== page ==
Frank S. Nugent
Surprisingly enough, in these combustible times, the French have produced a war film under the title "Grand Illusion."… [It] serves to warn the British that they no longer have a monopoly upon that valuable dramatic device known as understatement. Jean Renoir, the film's author and director, has chosen consistently to underplay his hand. Time after time he permits his drama to inch up to the brink of melodrama: one waits for the explosion and the tumult. Time after time he resists the temptation and lets the picture go its calmer course.
For a war film it is astonishingly lacking in hullabaloo. There may have been four shots fired, but there are no screaming shells, no brave speeches, no gallant toasts to the fallen. War is the grand illusion and Renoir proceeds with his disillusioning task by studying it, not in the front line, but in the prison camps, where captors and captives alike are condemned to the dry rot of inaction. War is not reality; prison camp is. Only the real may survive it….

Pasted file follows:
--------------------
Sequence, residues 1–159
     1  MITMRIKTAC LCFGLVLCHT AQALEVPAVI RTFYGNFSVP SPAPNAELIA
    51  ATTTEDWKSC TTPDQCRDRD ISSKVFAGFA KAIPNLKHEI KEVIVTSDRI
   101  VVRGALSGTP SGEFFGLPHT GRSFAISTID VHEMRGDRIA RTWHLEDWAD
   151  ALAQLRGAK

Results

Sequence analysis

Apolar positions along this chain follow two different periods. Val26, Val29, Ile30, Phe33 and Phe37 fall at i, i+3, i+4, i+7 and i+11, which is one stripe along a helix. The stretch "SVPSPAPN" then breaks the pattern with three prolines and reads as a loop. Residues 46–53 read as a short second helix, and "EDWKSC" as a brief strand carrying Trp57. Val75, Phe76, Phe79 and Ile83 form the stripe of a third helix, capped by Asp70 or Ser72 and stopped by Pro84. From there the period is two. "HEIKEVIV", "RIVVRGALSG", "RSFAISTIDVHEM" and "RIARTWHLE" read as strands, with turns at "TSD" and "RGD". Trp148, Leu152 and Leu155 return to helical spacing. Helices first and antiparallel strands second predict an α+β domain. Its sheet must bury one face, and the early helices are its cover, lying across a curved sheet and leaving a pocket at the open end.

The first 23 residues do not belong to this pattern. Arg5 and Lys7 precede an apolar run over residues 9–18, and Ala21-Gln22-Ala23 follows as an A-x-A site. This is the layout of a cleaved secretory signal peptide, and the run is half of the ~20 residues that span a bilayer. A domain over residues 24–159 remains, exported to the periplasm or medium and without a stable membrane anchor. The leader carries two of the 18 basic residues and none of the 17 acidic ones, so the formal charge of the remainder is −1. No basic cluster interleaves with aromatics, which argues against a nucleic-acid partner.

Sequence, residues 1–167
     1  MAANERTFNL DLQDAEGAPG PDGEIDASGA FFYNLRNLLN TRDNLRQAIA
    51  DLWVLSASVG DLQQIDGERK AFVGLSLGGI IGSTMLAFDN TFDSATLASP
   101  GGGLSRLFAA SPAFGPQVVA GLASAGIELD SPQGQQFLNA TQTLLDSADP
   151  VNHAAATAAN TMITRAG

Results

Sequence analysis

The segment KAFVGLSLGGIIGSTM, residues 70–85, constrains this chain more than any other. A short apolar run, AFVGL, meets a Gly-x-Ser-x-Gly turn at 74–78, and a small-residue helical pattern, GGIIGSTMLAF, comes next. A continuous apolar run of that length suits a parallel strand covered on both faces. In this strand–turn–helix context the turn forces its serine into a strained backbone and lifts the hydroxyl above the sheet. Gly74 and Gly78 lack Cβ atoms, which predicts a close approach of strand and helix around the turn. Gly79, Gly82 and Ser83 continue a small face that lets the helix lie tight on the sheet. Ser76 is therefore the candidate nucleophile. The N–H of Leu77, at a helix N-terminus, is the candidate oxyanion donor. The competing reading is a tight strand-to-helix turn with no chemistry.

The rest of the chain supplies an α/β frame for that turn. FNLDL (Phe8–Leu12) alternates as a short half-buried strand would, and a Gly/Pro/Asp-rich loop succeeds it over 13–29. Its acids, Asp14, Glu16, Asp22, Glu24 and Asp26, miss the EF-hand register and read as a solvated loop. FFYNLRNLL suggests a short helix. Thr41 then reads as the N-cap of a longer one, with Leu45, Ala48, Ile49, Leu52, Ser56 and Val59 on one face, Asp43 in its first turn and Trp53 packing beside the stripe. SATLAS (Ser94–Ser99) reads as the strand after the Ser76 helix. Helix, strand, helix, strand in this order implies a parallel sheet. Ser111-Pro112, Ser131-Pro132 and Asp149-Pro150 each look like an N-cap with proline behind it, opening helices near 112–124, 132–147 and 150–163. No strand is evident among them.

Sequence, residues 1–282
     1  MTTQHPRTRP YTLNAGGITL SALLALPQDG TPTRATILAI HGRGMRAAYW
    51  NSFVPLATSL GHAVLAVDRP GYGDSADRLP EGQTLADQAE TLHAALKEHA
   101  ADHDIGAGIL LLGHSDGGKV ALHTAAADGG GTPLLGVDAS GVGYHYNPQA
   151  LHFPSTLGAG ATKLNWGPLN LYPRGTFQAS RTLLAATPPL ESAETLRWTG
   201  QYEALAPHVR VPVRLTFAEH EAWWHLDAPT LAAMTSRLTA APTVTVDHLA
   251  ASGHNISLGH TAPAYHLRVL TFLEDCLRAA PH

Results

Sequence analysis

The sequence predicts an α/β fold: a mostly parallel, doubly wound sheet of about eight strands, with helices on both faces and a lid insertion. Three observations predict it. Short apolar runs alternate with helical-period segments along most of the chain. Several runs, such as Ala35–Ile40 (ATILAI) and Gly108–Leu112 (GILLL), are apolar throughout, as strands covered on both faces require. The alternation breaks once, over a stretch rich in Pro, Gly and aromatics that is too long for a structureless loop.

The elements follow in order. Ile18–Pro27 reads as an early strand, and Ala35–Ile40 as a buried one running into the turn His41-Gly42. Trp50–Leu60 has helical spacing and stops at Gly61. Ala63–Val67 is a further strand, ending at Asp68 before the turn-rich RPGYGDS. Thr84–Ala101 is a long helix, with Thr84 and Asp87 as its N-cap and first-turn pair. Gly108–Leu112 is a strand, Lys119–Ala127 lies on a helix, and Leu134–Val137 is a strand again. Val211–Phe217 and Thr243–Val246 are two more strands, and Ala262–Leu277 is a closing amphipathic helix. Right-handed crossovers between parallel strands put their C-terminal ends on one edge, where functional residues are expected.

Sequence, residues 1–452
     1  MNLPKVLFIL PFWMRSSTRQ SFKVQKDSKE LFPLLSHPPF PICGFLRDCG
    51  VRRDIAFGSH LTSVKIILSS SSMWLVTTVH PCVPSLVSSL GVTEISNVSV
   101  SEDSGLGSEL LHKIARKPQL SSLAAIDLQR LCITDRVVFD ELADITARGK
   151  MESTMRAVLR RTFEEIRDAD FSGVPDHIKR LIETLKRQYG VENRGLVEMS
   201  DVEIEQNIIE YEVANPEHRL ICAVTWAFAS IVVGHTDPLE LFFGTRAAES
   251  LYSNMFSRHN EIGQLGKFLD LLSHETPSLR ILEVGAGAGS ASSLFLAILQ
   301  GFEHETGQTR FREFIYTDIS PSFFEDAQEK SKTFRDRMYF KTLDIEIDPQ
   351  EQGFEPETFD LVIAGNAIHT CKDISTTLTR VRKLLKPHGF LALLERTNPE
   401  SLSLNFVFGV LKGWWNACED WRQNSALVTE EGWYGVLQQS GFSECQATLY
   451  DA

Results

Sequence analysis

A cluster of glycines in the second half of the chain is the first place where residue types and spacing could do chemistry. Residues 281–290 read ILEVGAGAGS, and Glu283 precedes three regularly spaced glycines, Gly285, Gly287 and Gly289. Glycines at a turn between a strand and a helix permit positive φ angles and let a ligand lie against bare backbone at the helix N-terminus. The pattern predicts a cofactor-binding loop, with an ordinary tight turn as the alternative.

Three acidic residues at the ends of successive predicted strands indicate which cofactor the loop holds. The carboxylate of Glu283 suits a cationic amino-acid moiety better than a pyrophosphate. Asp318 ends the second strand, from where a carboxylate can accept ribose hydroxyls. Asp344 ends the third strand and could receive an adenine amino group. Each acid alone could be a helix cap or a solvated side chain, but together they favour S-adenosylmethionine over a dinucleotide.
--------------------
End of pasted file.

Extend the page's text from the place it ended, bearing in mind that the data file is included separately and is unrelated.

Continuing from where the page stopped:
[It] becomes a story of escape, a metaphysical escape on de Boeldieu's part, a tremendously exciting flesh and bone escape on the part of Marechal and Rosenthal. Renoir's narrative links the two adventures for a while, but ultimately resolves itself into a saga of flight. As an afterthought, but a brilliantly executed one, he aids a romance as one of his French fugitives finds shelter in the home of a young German widow. The story ends sharply, with no attempt to weave its threads together. It is probably the way such a story would have ended in life.
Frank S. Nugent, "A War Film without War Is 'Grand Illusion', the New French Drama Showing at the Filmarte," in The New York Times (© 1938 by The New York Times Company; reprinted by permission), September 13, 1938, p. 28.